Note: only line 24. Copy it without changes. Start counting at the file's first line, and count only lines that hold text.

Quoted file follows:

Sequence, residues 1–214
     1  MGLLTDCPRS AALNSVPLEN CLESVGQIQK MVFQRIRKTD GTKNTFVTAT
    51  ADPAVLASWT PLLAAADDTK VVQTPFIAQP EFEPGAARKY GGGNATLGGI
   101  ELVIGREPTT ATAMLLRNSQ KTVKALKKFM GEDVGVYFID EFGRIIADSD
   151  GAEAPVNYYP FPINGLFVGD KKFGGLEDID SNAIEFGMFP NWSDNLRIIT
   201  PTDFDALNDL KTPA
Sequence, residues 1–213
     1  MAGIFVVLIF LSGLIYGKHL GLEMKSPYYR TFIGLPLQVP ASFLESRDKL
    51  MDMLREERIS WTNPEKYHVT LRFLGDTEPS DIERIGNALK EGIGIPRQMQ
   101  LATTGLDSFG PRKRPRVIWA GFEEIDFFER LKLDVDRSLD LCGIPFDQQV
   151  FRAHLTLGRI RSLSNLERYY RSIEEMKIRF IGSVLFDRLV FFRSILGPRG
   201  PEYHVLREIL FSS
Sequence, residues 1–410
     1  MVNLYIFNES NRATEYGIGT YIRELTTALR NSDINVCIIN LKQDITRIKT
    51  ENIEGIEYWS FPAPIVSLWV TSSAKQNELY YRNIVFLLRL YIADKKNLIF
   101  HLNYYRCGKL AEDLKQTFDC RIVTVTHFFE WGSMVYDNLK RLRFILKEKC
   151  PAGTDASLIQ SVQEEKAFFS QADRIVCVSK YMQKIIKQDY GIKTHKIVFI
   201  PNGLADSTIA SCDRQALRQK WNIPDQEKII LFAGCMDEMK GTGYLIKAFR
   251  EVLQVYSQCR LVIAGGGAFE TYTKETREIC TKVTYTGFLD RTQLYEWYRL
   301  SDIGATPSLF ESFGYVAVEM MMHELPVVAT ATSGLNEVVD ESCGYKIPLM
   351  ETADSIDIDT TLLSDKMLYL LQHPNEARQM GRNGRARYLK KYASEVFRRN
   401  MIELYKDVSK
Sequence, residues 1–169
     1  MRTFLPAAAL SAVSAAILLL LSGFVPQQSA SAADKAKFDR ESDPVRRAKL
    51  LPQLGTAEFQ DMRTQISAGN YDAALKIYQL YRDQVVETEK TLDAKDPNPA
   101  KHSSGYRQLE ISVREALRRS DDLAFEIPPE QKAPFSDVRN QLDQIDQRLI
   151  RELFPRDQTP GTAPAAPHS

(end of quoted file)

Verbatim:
     1  MRTFLPAAAL SAVSAAILLL LSGFVPQQSA SAADKAKFDR ESDPVRRAKL